Econometrica: Sep 2001, Volume 69, Issue 5

Common Knowledge with Monotone Statistics

https://doi.org/10.1111/1468-0262.00243
p. 1315-1332

James Bergin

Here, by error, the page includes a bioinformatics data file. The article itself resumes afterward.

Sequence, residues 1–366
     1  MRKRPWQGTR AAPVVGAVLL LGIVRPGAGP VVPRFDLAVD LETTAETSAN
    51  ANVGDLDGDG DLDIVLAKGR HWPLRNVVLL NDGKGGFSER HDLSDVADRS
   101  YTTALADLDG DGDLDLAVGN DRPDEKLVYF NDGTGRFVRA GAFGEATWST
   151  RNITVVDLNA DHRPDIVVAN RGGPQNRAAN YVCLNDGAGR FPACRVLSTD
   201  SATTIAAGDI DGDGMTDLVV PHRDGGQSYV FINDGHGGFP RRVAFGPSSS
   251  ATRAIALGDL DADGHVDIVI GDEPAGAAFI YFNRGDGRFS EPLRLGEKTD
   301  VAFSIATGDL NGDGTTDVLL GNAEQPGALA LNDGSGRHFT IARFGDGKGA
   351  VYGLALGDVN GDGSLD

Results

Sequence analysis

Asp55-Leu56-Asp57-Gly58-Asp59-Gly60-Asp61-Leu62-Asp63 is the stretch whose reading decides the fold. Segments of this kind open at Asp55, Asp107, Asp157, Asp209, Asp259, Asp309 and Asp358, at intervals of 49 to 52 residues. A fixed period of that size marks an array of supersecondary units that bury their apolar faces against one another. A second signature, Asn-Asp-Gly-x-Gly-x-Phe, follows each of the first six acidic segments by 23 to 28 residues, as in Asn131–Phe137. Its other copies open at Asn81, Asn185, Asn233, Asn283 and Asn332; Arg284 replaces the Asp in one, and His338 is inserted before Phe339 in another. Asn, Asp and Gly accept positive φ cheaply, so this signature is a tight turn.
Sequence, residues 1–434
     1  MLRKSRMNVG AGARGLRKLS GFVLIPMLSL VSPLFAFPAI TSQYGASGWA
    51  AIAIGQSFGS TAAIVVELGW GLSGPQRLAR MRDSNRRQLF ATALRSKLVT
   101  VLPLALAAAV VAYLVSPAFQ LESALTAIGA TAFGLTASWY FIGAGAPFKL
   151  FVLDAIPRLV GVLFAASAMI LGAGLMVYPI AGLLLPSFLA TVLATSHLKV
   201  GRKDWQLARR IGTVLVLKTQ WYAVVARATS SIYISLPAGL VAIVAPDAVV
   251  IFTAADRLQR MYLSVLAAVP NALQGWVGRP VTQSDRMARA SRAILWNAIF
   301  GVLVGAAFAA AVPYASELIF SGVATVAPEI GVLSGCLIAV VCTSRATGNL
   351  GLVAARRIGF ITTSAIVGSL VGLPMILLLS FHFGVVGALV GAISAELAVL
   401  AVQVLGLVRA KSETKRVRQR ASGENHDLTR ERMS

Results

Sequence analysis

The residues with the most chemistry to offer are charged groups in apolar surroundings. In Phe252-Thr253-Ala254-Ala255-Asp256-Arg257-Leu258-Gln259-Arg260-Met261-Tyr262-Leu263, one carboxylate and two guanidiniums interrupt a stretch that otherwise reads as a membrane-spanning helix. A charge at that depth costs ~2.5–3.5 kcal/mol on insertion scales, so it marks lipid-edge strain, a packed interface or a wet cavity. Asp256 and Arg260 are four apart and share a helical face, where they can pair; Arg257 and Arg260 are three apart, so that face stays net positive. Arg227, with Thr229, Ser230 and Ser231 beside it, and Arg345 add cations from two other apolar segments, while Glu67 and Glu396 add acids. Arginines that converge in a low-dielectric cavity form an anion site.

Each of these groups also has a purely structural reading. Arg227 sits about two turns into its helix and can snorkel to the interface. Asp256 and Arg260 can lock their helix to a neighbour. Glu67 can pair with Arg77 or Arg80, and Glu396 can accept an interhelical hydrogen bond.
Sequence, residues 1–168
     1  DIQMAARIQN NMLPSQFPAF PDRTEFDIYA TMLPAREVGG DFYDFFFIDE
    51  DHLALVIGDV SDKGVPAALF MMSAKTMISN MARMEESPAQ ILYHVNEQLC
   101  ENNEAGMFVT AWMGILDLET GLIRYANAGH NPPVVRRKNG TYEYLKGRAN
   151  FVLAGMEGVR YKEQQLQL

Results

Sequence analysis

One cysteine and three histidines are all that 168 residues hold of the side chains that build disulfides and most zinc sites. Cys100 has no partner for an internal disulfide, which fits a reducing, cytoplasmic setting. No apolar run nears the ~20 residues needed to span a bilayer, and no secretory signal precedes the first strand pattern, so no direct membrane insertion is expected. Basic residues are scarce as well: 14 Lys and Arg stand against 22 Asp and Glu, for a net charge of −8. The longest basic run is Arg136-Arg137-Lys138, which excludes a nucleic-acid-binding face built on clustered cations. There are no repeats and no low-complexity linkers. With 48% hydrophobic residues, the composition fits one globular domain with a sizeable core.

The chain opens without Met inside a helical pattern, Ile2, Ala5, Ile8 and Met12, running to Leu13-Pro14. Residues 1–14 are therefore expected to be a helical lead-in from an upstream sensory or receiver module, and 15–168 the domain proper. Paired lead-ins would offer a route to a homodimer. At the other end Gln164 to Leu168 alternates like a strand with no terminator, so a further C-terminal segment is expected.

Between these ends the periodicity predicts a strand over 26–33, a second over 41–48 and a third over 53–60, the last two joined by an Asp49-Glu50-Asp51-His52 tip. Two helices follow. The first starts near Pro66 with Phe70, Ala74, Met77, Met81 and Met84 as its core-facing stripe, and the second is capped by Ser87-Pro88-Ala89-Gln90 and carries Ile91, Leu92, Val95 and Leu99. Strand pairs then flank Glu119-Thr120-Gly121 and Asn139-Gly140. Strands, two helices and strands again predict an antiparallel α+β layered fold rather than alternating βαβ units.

When individual statistics are aggregated through a strictly monotone function to an aggregate statistic, common knowledge of the value of the aggregate statistic does not imply, in general, that the individual statistics are either equal or constant. This paper discusses circumstances where constancy and equality both hold. The first case arises when partitions are independently drawn, and each individual's information is determined by their own partition and some public signal. In this case common knowledge of the value of the aggregator function implies (with probability one) that the individual statistics are constant, so that in the case where the individual statistics have the same expected value, they must all be equal. The second circumstance is where private statistics are related: affiliation of individual statistics and a lattice condition imply that the individual statistics are equal when the value of the aggregate statistic is common knowledge.

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